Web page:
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Tell Santa what you want

By Ed Brock

Josh and Kamren Katona made the best of their minute on Santa's lap.

"I asked him for some video games and a flat screen computer," Josh Katona, 7, said. "Those things are cool."

Kamren, 5, had less technical toy needs.

"I want a Thomas (& Friends) train," Kamren said.

Johnny Hammond is the Santa helper Josh and Kamren saw Tuesday at Southlake Mall, and he's no stranger, said the boy's mother Simone Katona.

"I have pictures with this same Santa (helper) since (Josh) was an infant," Katona said.

Hammond and the mall's second Santa's helper, Robert Lunsford, work for the California-based company Amuse-Matte and they've worked at the mall for several years. With just over two weeks to go before Christmas they're both very busy listening to the wishes of hundreds of children like Josh and Kamren.

"It's really surprising. We thought it would be a little slow with Macy's closed," Lunsford said.

But despite the youthful throng that comes to see them, 61-year-old Hammond and 48-year-old Lunsford say they love the job and their tiny fans.

"It's the expression on their faces when they see Santa, it's a big deal," Hammond said. "This is their time."

Well, occasionally the children aren't that happy to see Santa.

"Sometimes you have kids who have a panic attack," Lunsford said. "We do what the parents say to do and deal with it. I'd say 99 percent of the children are pretty good."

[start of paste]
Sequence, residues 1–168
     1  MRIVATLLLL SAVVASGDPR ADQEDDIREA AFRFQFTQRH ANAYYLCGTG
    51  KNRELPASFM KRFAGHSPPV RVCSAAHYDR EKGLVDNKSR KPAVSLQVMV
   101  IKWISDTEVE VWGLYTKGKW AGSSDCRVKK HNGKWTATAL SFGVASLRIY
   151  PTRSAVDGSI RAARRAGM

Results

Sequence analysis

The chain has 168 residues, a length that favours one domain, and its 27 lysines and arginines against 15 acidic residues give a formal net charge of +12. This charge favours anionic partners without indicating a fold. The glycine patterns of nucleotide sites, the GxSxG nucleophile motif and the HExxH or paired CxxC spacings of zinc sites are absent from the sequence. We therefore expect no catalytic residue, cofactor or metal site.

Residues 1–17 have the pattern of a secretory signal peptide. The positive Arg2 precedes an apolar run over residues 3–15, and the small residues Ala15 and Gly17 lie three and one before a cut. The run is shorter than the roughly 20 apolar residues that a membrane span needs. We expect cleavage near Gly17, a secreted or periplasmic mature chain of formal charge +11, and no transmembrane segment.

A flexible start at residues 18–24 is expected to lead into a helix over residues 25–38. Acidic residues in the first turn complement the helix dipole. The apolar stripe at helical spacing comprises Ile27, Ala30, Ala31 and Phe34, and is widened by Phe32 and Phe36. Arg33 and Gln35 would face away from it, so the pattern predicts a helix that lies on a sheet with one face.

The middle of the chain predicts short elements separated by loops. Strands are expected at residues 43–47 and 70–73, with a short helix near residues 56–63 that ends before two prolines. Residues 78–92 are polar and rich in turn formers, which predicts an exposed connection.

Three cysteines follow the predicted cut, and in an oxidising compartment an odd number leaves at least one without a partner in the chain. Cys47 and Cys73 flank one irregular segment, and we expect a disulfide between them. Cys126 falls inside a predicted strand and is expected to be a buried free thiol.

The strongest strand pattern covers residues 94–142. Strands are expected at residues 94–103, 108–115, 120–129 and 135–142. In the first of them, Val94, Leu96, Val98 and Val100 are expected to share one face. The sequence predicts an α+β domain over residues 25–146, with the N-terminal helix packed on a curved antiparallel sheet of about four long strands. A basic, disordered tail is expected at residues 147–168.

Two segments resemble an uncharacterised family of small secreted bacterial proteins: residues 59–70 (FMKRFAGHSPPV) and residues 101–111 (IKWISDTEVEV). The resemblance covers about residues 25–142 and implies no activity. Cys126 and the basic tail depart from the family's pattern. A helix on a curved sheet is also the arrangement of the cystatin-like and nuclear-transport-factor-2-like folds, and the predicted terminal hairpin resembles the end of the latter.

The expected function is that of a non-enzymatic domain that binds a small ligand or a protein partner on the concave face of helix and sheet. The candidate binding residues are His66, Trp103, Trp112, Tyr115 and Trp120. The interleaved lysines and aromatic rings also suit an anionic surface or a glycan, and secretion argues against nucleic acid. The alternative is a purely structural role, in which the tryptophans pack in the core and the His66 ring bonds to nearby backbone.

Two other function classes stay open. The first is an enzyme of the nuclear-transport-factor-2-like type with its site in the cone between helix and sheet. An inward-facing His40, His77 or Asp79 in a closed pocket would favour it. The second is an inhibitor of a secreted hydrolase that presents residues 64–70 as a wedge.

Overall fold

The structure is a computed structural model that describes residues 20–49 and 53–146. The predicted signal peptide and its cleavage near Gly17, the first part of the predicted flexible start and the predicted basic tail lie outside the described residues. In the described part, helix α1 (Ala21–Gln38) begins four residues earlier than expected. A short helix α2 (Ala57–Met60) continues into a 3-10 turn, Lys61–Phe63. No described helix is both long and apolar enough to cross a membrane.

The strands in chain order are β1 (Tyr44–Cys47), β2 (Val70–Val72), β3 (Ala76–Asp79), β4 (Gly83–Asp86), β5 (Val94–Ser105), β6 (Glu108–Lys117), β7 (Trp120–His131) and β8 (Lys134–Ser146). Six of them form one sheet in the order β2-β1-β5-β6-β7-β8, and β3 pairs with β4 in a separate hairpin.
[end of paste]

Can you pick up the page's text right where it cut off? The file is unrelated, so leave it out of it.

It's also a good idea to check the diapers of younger children before putting them on Santa's lap, but Lunsford said they deal with that hazard of the trade, too.

Video games top many a list, as do requests for Power Rangers and Barbie dolls.

"We're getting a lot of GI Joe stuff for some reason," Lunsford said.

The golden rule is "Never promise anything."

"If they continue on we just tell them to be content with what they get," Lunsford said.

Hammond said his daughter got him into the Santa business and his first appearance was as a volunteer Santa at a daycare. They called on him because the regular Santa fell through.

"I had a suit so I put it on," Hammond said.

Both men have naturally white beards and hair (Lunsford said he's been going gray since high school).

"I'm Santa every where I go," Hammond said, and he loves seeing the reaction he gets even on his off hours from children and grown ups, too.

"They still have the Christmas spirit," said Hammond, who works in a bank in Covington.

Lunsford said he shaves his beard in January and starts growing it back in March.

"A lot of Santas don't shave but I'm in real estate so I have to clean up a bit sometimes," Lunsford said.

Like Katona, most of the parents and children who come to see the two Santas are repeat customers and they call the mall to request one or the other, said the mall's marketing director Nicole Krajc.

"They don't know (Hammond's) name so they ask if the ?pretty Santa' is there," Krajc said.

Or, in Lunsford's case, the "Santa with a tan."

And now the mall has begun a new program that is similar to one used by restaurants to page the next customer in line. The customer simply signs up and is given a paging device that lets them know when it's their turn so, instead of standing in line, they can go to the food court or shop, Krajc said.

"Around Christmas the line can be over three hours long," Krajc said.